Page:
Iraq “sleeper cells” attack as US shifts focus

By July 28, 2021

Iraq (MNN) — Believers in Iraq voice concern as the United States announces military changes. U.S. President Joe Biden formalized an agreement on Monday with Iraq’s prime minister. There will be “no forces with a combat role by December 31,” this joint statement announces.

“The Iraqi people want the combat forces to stay because when they’re around, there won’t be terrorism problems,” an Iraqi believer named Umran* says.

“We’ve already been through this experience once. When the U.S. forces pulled out, the government fell and [in] entered ISIS.”

As described here by

American combat troops deployed in Iraq in 2003 with the goal of ridding Iraq of weapons of mass destruction and toppling dictator Saddam Hussein. Combat operations ended in 2010, and nearly all troops left the next year, only to have to return in 2014 to combat the rise of the Islamic State.

U.S. officials did not indicate whether the number of troops in Iraq will change by the end of 2021. Levels shifted under former President Trump from 5,000 to 2,500 troops deployed in Iraq. Troops focus on training and support missions.

Iraq’s Prime Minister told Associated Press his country no longer needed U.S. help fighting the Islamic State. Three days prior, Iraq’s Foreign Minister voiced the exact opposite.

“It’s just ‘empty words’ that the Prime Minister is saying to appease certain factions that want America out. A few days later, he may change his tune,” Umran says.

“It’s more [like a] political statement, rather than what the people believe they need or want.”

The Islamic State of Iraq and Syria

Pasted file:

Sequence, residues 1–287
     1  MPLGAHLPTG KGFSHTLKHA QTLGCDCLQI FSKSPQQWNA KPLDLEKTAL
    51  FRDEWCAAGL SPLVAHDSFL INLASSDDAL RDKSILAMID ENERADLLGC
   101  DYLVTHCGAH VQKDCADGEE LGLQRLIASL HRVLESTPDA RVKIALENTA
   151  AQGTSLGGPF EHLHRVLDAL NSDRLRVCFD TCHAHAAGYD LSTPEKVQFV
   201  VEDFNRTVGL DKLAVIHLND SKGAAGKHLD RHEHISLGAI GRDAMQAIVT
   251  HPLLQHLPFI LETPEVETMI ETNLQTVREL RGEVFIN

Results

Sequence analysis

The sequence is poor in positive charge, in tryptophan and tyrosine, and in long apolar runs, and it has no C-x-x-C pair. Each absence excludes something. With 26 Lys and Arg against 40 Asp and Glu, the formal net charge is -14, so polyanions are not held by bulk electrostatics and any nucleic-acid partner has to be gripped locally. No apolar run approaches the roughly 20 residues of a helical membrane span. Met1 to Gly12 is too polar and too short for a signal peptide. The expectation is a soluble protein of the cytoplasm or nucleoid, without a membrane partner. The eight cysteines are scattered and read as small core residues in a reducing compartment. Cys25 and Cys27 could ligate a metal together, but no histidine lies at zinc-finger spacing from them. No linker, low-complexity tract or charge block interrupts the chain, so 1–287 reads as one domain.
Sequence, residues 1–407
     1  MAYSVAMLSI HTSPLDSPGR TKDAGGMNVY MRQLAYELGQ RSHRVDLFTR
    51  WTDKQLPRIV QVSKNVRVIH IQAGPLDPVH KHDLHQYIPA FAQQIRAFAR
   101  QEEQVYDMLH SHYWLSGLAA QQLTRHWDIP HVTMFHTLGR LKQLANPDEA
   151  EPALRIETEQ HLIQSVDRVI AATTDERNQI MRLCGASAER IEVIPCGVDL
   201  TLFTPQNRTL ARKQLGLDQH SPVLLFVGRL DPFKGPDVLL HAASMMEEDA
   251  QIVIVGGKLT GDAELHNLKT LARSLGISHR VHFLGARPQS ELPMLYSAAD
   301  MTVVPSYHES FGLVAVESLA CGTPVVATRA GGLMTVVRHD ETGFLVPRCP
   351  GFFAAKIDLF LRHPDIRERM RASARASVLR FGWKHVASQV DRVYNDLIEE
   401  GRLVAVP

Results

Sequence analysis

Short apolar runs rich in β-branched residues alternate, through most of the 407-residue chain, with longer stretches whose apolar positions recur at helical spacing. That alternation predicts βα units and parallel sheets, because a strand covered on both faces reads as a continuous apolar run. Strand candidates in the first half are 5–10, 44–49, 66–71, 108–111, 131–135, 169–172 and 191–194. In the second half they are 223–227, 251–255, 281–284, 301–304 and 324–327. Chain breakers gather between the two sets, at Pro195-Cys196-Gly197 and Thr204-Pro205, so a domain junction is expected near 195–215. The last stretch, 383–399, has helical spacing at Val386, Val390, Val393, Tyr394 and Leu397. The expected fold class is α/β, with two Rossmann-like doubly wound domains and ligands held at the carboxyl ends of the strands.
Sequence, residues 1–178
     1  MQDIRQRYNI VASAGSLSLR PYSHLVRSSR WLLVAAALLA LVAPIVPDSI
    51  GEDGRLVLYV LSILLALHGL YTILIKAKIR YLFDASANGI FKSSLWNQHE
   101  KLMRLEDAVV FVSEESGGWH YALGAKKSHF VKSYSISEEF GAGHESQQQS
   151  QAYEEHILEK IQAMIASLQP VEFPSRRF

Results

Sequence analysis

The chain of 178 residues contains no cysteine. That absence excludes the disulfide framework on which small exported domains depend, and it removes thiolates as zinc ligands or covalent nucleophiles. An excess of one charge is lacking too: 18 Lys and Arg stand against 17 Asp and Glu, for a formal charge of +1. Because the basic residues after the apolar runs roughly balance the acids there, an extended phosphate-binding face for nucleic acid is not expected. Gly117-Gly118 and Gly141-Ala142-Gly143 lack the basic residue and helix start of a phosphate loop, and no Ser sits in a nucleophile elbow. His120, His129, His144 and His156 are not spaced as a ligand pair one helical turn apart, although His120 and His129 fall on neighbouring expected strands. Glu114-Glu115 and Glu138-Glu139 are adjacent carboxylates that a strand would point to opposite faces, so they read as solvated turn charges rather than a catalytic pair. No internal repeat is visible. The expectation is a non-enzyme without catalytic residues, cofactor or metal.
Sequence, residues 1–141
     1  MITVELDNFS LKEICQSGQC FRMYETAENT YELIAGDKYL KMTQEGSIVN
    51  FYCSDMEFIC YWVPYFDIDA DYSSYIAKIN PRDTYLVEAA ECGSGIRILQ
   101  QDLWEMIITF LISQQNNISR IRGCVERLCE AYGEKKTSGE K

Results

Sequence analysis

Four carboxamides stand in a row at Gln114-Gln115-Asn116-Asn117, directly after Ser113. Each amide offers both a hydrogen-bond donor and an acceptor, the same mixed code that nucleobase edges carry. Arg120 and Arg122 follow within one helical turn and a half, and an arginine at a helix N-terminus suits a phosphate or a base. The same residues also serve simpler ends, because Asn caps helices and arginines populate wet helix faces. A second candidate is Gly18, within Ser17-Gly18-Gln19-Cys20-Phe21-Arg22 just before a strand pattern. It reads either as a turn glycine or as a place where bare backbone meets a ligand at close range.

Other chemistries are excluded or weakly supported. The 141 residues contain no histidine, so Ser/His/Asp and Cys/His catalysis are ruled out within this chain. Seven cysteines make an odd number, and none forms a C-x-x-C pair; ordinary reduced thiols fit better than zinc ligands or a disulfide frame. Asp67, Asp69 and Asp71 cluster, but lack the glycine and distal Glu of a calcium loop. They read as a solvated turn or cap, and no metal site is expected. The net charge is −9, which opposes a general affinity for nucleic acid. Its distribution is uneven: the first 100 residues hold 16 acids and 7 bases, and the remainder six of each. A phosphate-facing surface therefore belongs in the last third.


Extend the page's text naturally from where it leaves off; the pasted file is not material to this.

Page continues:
The latest announcement coincides with troop withdrawals in Afghanistan, where increasing attacks led to record-high civilian deaths. A similar pattern is emerging in Iraq. The Islamic State claimed last week’s Baghdad bombing, the deadliest attack in six months.

So-called “sleeper cells” continue to wage an insurgency against government forces. By targeting religious minorities – like the Shia communities where last week’s attack occurred – Islamic State militants hope to divide and conquer.

Iraqi Christians

In 2014, Christian homes in Mosul were marked with the Arabic letter “N” for Nazarite and “Property of the Islamic State.”
(Image, caption courtesy Vision Beyond Borders)

“Most of the suicide bombings are happening in Shia neighborhoods,” Umran says.

“ISIS, or Dash, is trying to … to weaken the government, create divisions, [and create] chaos where ISIS can reign.”

In one recent attack, “they kidnapped various people within agricultural areas, in villages outside of the cities… [and] burned up their crop that was about ready to be harvested,” Umran says.

“They also made an attempt in Erbil in the north, which is in the Kurdish-controlled area, but that attempt failed. They were trying to attack and kidnap some Westerners.”

Find your place in the story

You may not know any world leaders, but you know the God who holds the nations in His hands. Pray for the Lord’s will to be done in Iraq. Pray “that God would change all of Iraq and all of the Middle East, and transform thoughts and hearts,” Umran requests.

Ask the Lord to give Iraqi believers wisdom and protection and a desire to stay in their homeland.

“There’s such a pull to run away, to flee to the West or other countries.”





Header image is a 2015 photo of Islamic State terrorists in Anbar Province, Iraq. (Wikimedia Commons)